The raw material is mostly skipjack, a small, unglamorous tuna that makes up about 60% of the world's tuna catch. Of the main commercial species, bluefin, yellowfin and bigeye tuna are primarily sold to the sashimi market; skipjack and albacore land in cans. Over half the skipjack caught each year come from the waters in the western and central Pacific, and while skipjack in the region are officially plentiful, according to the Western and Central Pacific Fisheries Commission (WCPFC) that keeps track of them, talk to anyone in General Santos and you'll hear otherwise. Supplies of fresh, local skipjack dropped 50% last year, says Miguel Lamberte, the port's manager. This August, the amount of both frozen and fresh skipjack being unloaded was at an all-time low, he says. "And it's still going down."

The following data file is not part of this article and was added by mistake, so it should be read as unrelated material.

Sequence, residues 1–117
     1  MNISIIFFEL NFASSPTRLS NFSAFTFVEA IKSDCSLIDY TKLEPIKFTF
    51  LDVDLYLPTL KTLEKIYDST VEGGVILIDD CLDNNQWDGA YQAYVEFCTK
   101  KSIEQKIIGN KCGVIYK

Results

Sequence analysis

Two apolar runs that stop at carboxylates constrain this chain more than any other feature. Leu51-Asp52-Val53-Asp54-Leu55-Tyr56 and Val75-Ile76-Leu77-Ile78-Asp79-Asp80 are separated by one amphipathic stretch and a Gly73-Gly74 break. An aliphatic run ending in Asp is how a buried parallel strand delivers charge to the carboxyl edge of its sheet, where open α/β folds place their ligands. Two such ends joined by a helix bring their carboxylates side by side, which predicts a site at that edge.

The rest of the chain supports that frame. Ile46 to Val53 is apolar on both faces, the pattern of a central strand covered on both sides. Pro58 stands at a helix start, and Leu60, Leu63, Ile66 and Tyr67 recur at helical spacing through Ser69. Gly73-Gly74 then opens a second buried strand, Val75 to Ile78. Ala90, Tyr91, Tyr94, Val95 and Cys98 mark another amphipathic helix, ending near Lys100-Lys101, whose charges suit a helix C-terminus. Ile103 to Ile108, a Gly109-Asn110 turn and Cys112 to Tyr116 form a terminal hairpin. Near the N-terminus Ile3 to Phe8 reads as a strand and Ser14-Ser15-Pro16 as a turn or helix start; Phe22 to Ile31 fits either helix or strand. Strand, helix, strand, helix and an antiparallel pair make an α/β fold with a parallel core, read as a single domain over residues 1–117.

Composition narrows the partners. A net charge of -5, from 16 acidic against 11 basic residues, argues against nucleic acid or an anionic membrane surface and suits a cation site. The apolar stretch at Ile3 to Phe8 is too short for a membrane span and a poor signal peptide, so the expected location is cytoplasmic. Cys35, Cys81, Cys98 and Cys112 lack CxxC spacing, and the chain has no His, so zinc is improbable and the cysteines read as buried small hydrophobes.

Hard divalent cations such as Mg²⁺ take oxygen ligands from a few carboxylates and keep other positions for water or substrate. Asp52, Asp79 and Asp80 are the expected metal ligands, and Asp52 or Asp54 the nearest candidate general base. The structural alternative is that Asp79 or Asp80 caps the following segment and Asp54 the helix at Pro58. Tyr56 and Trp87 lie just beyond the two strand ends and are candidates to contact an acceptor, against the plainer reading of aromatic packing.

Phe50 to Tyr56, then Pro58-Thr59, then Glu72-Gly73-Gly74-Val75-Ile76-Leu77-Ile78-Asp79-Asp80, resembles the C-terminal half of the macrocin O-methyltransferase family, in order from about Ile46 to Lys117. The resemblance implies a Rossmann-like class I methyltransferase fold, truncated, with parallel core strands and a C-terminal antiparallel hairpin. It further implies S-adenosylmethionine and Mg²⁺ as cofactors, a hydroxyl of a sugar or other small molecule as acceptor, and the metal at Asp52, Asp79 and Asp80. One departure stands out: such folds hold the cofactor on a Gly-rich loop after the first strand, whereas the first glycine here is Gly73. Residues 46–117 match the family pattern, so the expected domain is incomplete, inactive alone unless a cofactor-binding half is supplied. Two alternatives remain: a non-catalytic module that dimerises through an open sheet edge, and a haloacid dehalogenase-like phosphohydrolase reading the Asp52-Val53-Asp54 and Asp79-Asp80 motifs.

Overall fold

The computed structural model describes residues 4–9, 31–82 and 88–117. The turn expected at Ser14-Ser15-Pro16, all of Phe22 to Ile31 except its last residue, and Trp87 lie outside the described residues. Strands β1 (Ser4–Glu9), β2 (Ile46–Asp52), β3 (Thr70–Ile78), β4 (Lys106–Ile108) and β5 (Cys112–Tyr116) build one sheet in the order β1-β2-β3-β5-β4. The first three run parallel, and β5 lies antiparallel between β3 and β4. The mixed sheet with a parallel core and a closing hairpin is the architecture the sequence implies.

To keep the cans filled, large Philippine boats have gone further and further afield — to Papua New Guinea, to the Solomon Islands — where there is still plenty of skipjack for the taking. Fishing is growing faster in this swath of the Pacific than in any other part of the world, says the WCPFC, as ever greater numbers of boats from Asia, the Americas and Europe are leaving depleted waters for these bluer pastures. "We're getting a lot of boats seeking to come into our region from the Indian Ocean and eastern Pacific because the skipjack is still healthy here," says John Hampton, manager of the Secretariat of the Pacific Community's Oceanic Fisheries Program, which studies highly migratory fish stocks for the WCPFC. "There is good money to be made." But with more boats on the water, many local governments don't have the resources to keep track of how much fishing is being done in their waters, making illegal fishing or overfishing in protected areas tricky to control.